Your statement in a chapter titled “Meritocracy Doesn’t Always Work,” calls for the pursuit of the American Dream problematic, because meritocracy provides “false incentives and non-existent bootstraps. The way forward pursues Homeboy’s vision: to provide love, encouragement and support that will make a lasting difference in our society.” What convinces you that this can gain momentum in corporate America?
I want to answer this in two different ways. To put it simply, our Homegirl Café is a Zagat rated café – only seven other restaurants in downtown Los Angeles have such a high rating. And it’s run by ex-criminal gang members. So it proves that you can run a successful business with this population.

But in our capitalist society, we get into this aspect of measuring people and their performance. You can’t measure someone’s self-esteem. To help unemployable people become employable, you need to figure out what else is in their life that allows them to have the resilience to do that job. Basically, everyone wants to do a good job. And when they’re not, there’s something else in their life that’s causing it. It’s this awareness of these front-line employees of what’s going on in their lives. If we can bring more services around that, they will climb the corporate ladder.

In any business, there will always be output metrics, but that shouldn’t be what defines whether someone is a good person or not either. Companies need to evaluate more on merit values ​​and not so much on job performance along the way.

Are there companies today that could adapt more easily to anti-meritocracy? Could the big company you worked for have done this when you were there?
This answer is definitely yes. It would probably be easier for a startup to do that now. In small businesses and family businesses, they understand and pull themselves together. The question is how to do this on a larger scale? There are certain market forces: will the private equity world change the way it values ​​deals? Will Wall Street change the way it evaluates shareholders? Reform must also take place there. But in my opinion, you need a CEO of the new era to balance all these things, as opposed to the CEOs of the last 25 years.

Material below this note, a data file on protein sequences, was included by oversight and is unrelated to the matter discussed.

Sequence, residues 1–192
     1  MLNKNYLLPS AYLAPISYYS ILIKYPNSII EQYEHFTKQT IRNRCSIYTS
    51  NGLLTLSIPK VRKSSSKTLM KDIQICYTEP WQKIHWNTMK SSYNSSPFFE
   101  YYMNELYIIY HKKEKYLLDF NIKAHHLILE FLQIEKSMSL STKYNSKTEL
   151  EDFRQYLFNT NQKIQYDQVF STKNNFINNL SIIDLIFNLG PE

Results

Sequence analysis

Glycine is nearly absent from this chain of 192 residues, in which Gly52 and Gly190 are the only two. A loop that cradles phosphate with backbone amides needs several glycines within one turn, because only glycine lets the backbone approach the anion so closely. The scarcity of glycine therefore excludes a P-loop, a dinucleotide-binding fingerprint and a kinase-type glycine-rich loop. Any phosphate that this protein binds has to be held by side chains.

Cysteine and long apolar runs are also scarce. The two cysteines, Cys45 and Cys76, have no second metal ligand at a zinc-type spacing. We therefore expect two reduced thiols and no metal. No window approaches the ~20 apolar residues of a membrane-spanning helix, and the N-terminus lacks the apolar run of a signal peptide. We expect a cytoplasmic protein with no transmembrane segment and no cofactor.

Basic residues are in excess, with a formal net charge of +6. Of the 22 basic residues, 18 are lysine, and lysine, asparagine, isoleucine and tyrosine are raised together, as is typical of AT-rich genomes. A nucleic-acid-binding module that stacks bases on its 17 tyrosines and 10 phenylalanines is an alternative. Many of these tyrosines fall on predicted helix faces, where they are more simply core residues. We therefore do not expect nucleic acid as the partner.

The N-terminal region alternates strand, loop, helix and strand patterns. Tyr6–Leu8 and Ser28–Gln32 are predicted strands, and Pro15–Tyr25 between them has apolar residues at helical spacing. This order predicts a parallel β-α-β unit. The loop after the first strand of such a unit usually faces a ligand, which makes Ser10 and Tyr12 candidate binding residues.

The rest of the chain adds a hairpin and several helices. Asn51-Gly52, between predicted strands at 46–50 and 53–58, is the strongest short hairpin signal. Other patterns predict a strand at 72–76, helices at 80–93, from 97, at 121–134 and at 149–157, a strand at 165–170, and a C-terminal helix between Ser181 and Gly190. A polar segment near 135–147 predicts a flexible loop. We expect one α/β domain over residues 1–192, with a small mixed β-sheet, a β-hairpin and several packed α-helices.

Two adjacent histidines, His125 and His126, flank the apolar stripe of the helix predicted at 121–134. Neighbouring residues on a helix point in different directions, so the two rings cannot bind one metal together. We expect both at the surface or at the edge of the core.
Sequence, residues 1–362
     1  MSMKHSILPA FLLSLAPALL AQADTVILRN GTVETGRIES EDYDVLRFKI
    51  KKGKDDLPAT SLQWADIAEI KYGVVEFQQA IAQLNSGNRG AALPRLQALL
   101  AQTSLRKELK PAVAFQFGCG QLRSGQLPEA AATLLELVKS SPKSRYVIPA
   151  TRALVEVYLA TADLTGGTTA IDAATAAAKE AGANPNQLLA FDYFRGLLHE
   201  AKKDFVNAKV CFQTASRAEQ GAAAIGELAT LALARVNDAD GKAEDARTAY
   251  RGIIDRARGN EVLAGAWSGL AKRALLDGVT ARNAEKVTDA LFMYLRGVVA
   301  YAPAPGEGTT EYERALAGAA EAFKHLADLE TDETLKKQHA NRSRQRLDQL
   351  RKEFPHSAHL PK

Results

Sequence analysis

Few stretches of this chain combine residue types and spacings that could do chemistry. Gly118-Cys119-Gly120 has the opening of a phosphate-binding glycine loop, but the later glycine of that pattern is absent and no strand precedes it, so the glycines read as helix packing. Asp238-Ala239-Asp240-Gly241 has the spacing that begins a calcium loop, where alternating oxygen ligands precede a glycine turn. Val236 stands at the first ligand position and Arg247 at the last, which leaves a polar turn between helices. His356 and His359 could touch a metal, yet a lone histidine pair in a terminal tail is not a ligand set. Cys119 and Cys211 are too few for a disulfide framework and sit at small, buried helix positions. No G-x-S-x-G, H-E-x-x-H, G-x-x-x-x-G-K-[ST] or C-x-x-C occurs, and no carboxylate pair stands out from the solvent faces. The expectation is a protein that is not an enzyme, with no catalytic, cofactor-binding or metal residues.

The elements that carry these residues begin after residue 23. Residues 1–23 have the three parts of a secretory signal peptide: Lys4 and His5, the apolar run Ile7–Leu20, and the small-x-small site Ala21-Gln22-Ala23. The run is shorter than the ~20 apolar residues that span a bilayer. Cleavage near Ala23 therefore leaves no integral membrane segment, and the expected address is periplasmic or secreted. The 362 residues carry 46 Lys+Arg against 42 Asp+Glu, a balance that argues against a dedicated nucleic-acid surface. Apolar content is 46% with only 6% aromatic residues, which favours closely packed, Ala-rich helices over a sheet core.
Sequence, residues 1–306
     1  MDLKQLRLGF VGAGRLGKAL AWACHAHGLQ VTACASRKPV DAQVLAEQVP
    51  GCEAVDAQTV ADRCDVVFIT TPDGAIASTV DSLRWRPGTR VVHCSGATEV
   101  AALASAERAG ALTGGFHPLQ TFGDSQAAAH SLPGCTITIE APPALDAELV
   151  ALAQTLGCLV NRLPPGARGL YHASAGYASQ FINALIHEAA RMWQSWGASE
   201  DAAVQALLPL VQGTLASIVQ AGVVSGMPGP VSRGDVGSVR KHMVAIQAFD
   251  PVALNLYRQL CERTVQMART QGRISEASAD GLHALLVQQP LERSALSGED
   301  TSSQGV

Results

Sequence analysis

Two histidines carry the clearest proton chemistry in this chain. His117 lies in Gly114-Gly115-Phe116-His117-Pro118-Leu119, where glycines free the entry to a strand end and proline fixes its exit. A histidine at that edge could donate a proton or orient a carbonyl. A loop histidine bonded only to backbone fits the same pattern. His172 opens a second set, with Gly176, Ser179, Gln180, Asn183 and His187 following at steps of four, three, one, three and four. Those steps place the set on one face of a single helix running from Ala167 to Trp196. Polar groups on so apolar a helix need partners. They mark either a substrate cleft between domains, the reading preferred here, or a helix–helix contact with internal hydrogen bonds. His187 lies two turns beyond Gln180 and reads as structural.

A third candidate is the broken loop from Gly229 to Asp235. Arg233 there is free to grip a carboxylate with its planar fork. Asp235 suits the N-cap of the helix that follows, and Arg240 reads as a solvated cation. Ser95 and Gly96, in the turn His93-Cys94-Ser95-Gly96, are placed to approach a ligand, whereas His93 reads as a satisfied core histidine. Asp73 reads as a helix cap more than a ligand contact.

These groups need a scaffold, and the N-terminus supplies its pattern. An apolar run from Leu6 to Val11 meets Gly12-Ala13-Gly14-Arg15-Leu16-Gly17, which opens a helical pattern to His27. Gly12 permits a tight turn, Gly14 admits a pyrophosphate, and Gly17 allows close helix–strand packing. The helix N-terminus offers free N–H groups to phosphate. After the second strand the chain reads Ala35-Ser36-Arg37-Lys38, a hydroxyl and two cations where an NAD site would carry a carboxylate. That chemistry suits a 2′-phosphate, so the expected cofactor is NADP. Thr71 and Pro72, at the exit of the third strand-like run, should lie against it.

You list 55 different statements and concepts that you think can be changed in today’s business world. The first: good logic always leads to good business. How can this be faulty?
Logically, I wouldn’t have come to Homeboy. I mention in the book that Father Greg (Boyle, founder of Homeboy) asked me to become CEO. I thought about it and asked myself: would I be spoiled to return to the for-profit world? Am I not ‘tough enough’ anymore? When I called my network and asked if it was true, most said “Yes”. The logical decision was for me not to do it. Everything in my professional life was getting the most important job and promotion, more money, blah, blah, blah. Sometimes you follow faith or your instincts.

Is it easier to hire for management skills than to develop them?
If your goal is to uplift more people, you need a diverse leadership team and invest in it. You can’t just hire for that. In the for-profit world, the answer may be: just pay someone more money and get them to come. There’s nothing wrong with that, but if that’s your philosophy, you’ll never build a long-term sustainable business where you help people.

You called your plan Economic Equality Capitalism, and Homeboy proved it works. Where can he go from here?
In the for-profit world, there are all kinds of equity to start a business, invest in an idea, and let it grow. Often, this equity is not repaid. Only one in 10 private or venture capital investments work. I say, let’s invest in an idea and let it grow with our people leading it. We will take the same kind of risks, but these people have jobs that provide a living, who earn a decent living with social benefits and who do not receive government assistance. We should fund these companies and there is a return on this investment for society. But you have to jeopardize the equity of these companies by employing disadvantaged people.